“Then I thought, if you’re confronted by this physicality the voice has, there’s no shirking from the emotional impact of what this person is talking about.”
In order to maximize the emotional immediacy of his songs, Sylvian recorded most of his vocals and synthesizers directly onto hard drive in a single take, and edited the digital sounds with an equally low-tech approach. On “The Only Daughter,” for example, he dubbed the original vocal track onto CD and fast-forwarded the verses, to create a schizophrenic stuttering effect that mimics the conflicting mind-states of a heartbroken man. While the vocal-guitar collaboration on “The Good Son” was digitally conceived by musicians in two different places (free-jazz guitarist Derek Bailey in London; Sylvian in the States), the result sounds organic, as if it were recorded live. Sound files of Bailey’s guitar were sent to Sylvian, who would then listen a few times, no more than five or so, and instantly overdub the recording with a verse response.
“It was the closest I could come to a form of improvisation as a lyricist or a vocalist,” he says. “It’s like you’re right in the process, the ink is still wet on the paper, and the rest is like ‘OK, have faith, see where it leads you’ — there’s a beauty to that.”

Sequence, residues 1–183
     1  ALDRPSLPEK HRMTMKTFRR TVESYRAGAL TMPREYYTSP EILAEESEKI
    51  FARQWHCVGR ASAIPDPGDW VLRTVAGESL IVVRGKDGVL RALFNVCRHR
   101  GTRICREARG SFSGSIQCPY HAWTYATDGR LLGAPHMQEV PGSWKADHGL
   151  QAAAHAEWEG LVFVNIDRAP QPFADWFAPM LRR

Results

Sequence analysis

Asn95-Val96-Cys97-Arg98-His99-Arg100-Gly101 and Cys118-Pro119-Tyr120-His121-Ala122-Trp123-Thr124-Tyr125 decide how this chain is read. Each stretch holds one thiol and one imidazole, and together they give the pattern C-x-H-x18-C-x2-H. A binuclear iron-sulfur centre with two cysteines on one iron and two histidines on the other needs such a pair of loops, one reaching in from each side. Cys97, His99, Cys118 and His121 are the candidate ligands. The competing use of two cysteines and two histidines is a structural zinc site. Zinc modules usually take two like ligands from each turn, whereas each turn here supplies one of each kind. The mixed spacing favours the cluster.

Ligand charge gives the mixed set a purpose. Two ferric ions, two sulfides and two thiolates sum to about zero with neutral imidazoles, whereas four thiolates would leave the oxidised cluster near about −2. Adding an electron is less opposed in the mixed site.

It seems to be a pleasing thought for the artist whose ability to go with the flow of music, in many ways, reflects his own personal growth as a human being. Sylvian, who has studied and practiced various Eastern religions over the past few years, admits that his daily rituals of meditation have not only allowed him to attain a more heightened sense of being at the moment, but an awareness of his (and our) own connection with the divine.
Even the focus of his latest discipline, a Hindu-based form of ritual worship called Puja, he says, is “to recognize oneself as a divine being.” Or maybe after all the musical mileage he got from playing out a world’s worth of musical styles, the artist is simply getting ready to channel into the most vital source of inspiration there is: his life. The New England studio/hom where Sylvian lives with his American wife, the singer Ingrid Chavez, and two daughters, and where Samadhi Sound is based, was once run as an ashram.
So what is the sound of Samadhi?
Does Sylvian ever fear that a totally enlightened state, devoid of ego, may only result in empty-sounding music?
“It crossed my mind,” he says, but after a slight pause, he adds: “I thought it was worth the sacrifice. If I was to reach a point of growth where the ego was shed to such a degree that music was not such a vital part of what one is, because something else has taken its place — then that would be an evolution that I could live with.”